I hope that you will be able to work with Lisa so that the work you are doing to bring the world into US classrooms can be part of her research.
This post’s title is influenced by the 2003 Allman Brothers Band
release “Hittiin the Note”
. I missed their run this summer (I heard the Boston shows were especially good) but have been getting my fill with the award winning cover band The Peacheaters.
If you ever have a chance to see them, don’t miss the experience.
Wisdom is in the mind of the beholder. Gordon Wood on the benefits and uses of a history education. Click here.
So, what is the Tuning project? The American Historical Association has been awarded a three year grant to “develop common language that communicates to a broad audience the significance and value of a history degree.” To meet this goal, AHA has begun “a nationwide, faculty-led project to articulate the disciplinary core of historical study and to define what a student should understand and be able to do at the completion of a history degree program. This AHA project brings together accomplished history faculty from more than sixty institutions across the country. Tuning is a collaborative process which convenes experts in a discipline to spell out the distinctive skills, methods, and substantive range of that field. Participants then work to harmonize or ‘tune’ the core goals of their discipline and the curricula that support those goals on each participating campus.”
None of this is an attempt to generate a list of specific content (events, people, ideas, groups) to me mastered/memorized by students. Also, it moves the benefits of history education beyond the inchoate musings of venerable historian Gordon Wood who claims that a history education provides “wisdom.” Hmmm…
Sounds great! It also a much needed move that should reinvigorate the humanities.
The divide between the sciences and humanities has been a long running myth reinforced by limited iterations of STEM education (challenged unnecessarily by the equally divisive STEAM education). Two of the best pieces on the mythical divide that has contributed to the rethinking of the left/right brain specialization are “C.P. Snows 1959 work “The Two Cultures”
and the 1999 Mind Myths: Exploring Popular Assumptions About the Mind and Brain
This past Monday, in conjunction with Connected Educators Month
, I hosted a webinar regarding the AHA’s initiative to “tune the history major”. This session provided an overview of the project and explored the objectives below with a focus on how they will impact secondary history education.
1)Articulate the core abilities, habits of mind, and knowledge required of their discipline
2)Develop a clear, common language to express the distinctive value of history for students, employers, and public culture. Students who can see clearly what they are learning, and why, are better equipped to direct their studies towards lifelong learning, meaningful employment, and civic participation
3) Provide a nationwide framework in which historians can design the systems used by their institutions to measure their achievements as teachers.
Generating a list of skills, qualities, or competencies regarding history education seems necessary and beneficial. I consider the Tuning project to be an
History is a construction and an internal process that engages the past, not an external “truth” to be memorized and “assessed” with a multiple choice test. If your school emphasizes the latter, something is way off.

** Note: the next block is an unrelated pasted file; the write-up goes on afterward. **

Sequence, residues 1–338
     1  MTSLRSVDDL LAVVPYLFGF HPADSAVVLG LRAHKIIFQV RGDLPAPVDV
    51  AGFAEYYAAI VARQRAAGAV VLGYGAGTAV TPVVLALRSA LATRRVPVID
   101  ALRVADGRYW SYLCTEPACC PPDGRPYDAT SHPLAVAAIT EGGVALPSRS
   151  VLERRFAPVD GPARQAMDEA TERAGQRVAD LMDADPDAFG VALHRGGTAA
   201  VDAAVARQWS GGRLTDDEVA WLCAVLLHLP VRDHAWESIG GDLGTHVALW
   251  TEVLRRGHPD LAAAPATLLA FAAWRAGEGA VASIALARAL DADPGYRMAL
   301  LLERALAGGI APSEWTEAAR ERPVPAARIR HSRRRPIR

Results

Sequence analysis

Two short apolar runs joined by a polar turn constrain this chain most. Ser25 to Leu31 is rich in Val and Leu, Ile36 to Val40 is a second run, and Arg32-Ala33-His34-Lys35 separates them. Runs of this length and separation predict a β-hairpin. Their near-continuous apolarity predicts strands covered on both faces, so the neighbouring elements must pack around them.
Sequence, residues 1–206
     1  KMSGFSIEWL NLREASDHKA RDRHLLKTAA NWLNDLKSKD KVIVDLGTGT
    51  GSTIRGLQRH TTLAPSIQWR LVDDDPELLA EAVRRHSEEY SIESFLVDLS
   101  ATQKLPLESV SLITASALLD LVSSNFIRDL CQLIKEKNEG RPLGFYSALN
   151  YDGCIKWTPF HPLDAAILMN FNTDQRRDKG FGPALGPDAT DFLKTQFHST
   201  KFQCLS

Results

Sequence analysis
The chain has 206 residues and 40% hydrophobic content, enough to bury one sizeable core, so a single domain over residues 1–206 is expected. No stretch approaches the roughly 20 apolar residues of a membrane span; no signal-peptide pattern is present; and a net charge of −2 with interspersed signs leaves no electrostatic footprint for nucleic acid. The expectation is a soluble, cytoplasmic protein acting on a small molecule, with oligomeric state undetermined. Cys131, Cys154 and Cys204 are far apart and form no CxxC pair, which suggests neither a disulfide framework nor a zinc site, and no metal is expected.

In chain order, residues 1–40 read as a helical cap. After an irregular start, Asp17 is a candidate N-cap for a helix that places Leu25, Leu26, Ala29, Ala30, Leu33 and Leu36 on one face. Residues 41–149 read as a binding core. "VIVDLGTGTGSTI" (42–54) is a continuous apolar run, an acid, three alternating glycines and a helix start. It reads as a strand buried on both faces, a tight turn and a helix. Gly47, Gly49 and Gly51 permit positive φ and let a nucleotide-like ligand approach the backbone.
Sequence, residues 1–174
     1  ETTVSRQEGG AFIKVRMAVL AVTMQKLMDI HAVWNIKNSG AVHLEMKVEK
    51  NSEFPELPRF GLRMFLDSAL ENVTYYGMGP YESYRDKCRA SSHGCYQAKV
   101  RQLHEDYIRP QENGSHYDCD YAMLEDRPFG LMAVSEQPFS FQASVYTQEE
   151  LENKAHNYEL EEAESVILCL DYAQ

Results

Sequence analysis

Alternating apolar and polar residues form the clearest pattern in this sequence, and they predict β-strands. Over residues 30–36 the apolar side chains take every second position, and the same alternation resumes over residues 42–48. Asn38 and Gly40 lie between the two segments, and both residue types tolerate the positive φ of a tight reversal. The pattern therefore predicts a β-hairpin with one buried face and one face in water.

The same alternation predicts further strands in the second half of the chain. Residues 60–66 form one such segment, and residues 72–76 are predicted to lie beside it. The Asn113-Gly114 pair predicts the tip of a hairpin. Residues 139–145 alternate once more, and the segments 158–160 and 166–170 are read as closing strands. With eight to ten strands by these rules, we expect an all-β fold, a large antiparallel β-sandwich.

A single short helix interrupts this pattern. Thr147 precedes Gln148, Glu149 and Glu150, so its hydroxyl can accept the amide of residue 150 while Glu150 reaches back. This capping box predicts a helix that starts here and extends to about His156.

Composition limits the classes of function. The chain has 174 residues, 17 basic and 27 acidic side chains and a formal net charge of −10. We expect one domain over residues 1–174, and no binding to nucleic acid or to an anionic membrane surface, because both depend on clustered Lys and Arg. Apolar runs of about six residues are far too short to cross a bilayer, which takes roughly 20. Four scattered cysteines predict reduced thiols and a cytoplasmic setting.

essential undertaking especially in the wake of the Common Core State Standards and 21st century teaching and learning initiatives. Maintaining the bridge between secondary and higher education will serve both schools and challenges James Loewen ‘s infamous claim about the disconnect between high school and college history in Lies My Teacher Told Me. Moreover, I am curious how the numerous “historical thinking” initiatives will be incorporated withing Tuning. I consider the efforts at the national history education clearing house and the history thinking project to be especially impressive.
But, where does that leave history education? I recall asking my high school students what they thought I had accomplished by getting my BA in History. Answers typically included references to my expertise in content knowledge, the ability to do certain skills, and noted that I was able to meet the demands of the institution. Pretty insightful indeed. I would also ask them why they thought they had to take History classes. It seems to me these questions are linked, and unique to the secondary level. The AHA will eventually get to these points. Until then I hope you get involved with Tuning. What’s more. are you and your colleagues engaged in discussing important questions about history education:
- What are the benefits of teaching history?
- How does history education concepts of culture and globalization?
- To what extent should we teach history theory/thinking skills as part of the curriculum?
- Do we utilize multiple narratives beyond a national one when teaching history?
Professor France Titchener of the State University in Utah emphasizes the marketable skills students can learn through their study of Greek History. Their grades are based on only 25% of their historical knowledge. In age where information can be accessed on demand, this makes incredible sense. I encourage you to contact Dr. Titchener and the other professors engaged with the AHA to network, collaborate, and impact the goals of Tuning on history (especially secondary) education. As the Allman’s Brothers sing:
Crossroads, will you ever let him go?
Will you hide the dead man’s ghost,
Or will he lie, beneath the clay,
Or will his spirit roll away?